We’re going back into the archives to revisit these classic posts by James Norwood Pratt. This post includes two different three-part sequences: “Bootleg Tea” and “Colonial America”. We have added a link to the end of each one to take you to the next if you would like to read them as a sequence, or you can choose which you want to peruse below. Enjoy!

Bootleg Tea

I like a smuggler. He is the only honest thief.
He robs nothing but the revenue – an abstraction I never cared
greatly about. I could go out with him in his mackerel boat, or about
his less ostensible business, with some satisfaction.

John Company clerk Charles Lamb (1775 – 1834)

Part One

Tea had become England’s national drink by 1800 and she was importing an average of twenty-four million pounds a year, it is said. It is now time for…(Read more)

Part Two

Many a fine old home near the English coast was built on the proceeds of a venturer, one who put up the smuggling capital but kept well in the background, leaving the risks to the captain and the lander. The captain purchased…(Read more)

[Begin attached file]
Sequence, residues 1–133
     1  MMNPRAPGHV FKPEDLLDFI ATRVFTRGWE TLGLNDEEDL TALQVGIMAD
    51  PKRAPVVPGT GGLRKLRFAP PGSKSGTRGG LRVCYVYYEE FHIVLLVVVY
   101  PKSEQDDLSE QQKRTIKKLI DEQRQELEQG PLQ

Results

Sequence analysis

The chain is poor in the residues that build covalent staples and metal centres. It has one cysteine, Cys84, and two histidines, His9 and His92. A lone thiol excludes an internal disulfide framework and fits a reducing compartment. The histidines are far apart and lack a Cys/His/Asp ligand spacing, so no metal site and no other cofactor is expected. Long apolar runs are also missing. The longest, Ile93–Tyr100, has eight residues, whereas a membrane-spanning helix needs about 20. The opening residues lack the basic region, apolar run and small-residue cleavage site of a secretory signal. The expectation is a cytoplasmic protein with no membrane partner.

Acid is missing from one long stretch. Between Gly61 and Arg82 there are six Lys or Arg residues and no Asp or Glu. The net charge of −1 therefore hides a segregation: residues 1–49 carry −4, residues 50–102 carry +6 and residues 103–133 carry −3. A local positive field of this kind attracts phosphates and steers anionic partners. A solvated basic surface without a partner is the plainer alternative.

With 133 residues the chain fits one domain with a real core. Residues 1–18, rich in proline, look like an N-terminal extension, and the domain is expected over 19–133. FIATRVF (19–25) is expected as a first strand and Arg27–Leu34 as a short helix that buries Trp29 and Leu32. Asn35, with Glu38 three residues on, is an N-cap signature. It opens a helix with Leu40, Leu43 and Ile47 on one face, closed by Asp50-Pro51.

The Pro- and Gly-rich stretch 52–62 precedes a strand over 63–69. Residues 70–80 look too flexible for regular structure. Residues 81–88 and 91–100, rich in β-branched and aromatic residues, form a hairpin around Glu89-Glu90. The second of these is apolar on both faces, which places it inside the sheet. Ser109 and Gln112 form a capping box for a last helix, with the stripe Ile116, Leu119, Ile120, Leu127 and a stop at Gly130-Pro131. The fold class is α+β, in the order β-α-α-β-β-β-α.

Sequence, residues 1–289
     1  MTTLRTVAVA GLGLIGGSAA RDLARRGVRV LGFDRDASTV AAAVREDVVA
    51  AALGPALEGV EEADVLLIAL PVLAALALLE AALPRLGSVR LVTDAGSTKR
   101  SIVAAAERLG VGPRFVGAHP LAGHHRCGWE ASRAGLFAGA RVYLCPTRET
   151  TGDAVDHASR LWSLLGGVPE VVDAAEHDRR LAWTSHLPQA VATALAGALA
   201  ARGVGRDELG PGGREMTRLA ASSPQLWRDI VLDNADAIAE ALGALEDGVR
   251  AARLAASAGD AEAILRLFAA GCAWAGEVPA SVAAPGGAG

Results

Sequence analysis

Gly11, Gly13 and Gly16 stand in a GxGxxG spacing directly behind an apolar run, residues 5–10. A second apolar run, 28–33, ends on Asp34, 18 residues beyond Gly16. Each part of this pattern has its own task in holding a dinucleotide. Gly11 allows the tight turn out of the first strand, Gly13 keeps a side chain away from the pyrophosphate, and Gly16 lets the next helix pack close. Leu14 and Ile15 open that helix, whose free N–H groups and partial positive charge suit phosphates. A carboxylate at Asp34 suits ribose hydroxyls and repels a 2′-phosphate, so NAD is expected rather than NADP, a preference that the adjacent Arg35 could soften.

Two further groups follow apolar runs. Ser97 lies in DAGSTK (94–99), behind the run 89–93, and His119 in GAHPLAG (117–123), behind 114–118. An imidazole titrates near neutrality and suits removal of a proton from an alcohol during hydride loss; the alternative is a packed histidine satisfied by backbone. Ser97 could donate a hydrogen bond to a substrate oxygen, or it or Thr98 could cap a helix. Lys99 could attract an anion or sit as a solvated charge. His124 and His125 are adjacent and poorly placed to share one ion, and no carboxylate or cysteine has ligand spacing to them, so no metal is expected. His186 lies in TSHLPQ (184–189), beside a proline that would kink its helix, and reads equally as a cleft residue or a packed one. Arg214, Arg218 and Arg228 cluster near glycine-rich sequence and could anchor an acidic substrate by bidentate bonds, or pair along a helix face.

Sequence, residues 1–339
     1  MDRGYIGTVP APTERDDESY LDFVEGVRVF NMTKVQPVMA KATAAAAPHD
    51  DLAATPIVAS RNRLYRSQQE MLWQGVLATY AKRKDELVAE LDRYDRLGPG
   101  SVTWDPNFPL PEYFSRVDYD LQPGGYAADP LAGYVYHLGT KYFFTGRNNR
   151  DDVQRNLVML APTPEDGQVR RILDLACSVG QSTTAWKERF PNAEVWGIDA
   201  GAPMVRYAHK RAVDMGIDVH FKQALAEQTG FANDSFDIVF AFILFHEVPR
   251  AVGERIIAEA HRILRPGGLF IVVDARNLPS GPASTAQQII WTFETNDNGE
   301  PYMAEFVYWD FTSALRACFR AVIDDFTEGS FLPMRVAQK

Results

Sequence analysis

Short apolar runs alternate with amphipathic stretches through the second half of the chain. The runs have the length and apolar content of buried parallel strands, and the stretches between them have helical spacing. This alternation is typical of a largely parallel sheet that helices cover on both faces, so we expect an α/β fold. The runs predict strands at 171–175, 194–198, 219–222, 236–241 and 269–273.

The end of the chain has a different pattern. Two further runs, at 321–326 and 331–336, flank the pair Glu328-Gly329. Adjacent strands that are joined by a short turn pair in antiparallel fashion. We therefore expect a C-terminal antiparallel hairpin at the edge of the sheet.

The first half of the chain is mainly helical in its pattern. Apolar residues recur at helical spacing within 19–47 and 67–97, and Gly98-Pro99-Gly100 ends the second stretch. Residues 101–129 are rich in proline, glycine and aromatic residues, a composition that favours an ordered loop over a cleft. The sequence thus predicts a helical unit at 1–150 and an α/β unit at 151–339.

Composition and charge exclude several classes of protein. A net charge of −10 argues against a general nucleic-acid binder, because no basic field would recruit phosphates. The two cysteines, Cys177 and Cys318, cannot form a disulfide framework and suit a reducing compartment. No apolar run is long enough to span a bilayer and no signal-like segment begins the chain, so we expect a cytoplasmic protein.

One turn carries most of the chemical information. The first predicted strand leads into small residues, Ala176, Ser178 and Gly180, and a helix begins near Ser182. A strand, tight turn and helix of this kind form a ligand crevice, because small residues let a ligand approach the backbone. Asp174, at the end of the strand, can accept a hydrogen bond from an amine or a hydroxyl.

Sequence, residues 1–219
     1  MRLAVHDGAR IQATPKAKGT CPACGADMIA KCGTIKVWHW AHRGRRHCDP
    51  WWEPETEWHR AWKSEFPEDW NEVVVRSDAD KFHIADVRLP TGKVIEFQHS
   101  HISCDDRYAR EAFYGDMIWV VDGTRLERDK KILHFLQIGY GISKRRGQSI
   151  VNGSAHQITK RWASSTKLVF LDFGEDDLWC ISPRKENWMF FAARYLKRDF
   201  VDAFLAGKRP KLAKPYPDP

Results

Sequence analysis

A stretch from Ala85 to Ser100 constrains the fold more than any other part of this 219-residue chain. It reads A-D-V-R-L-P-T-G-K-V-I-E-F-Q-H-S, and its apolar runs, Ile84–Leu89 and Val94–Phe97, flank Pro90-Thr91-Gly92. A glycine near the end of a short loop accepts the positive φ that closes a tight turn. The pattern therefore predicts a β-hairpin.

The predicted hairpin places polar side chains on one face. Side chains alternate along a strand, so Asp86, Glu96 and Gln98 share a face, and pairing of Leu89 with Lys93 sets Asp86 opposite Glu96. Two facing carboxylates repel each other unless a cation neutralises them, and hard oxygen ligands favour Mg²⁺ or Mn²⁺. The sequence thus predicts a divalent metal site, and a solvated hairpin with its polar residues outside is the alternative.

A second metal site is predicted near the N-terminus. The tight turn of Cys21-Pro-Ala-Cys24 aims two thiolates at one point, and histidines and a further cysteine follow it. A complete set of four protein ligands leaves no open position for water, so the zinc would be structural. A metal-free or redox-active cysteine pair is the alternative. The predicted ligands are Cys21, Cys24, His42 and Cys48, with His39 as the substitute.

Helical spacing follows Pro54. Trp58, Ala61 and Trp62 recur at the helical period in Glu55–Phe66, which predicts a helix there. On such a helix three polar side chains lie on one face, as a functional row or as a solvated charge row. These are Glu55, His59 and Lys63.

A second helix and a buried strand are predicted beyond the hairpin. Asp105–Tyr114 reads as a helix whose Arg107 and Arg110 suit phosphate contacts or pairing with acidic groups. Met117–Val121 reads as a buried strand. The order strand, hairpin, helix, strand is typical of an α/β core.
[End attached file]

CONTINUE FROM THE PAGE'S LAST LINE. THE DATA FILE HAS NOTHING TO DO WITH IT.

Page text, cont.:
Part Three

Without regard for secrecy, smugglers boldly stole their cargoes back from government customs houses more than once. Long cavalcades of horses loaded with tea were…(Read more)

Colonial America

I am heartily glad that we shall keep Jamaica and the
East Indies another year, that one may have time to
lay in a stock of tea and sugar to last for the rest of
one’s days. I think only of the necessaries of life….
The friends of government, who have thought on
nothing but reducing us to our islandhood and
bringing us back to the simplicity of ancient times,
when we were the frugal, temperate, virtuous old
England, ask how we did before tea and sugar were
known. Better, no doubt; but as I did not happen to
be born two or three hundred years ago, I cannot
recall precisely whether diluted acorns and barley-
bread spread with honey, made a very luxurious

Horace Walpole writing to Sir H. Mann,
15 November 1779

Part One

As expected of good colonists everywhere, the American colonists did their damnedest to ape the fashions of their mother countries. Thus when the English…(Read more)

Part Two

In imitation of London, New York City came to support numerous coffeehouses and tea gardens. Over the course of the century there were…(Read more)

Part Three

A scene much the same was played in New York the following April and months afterwards at Annapolis, Maryland. The brig Peggy Steward landed with…(Read more)

Photo “International Silver Tea Set” is copyright under Creative Commons Attribution-ShareAlike 2.0 Generic License to the photographer “Housing Works Thrift Shops” and is being posted unaltered (source)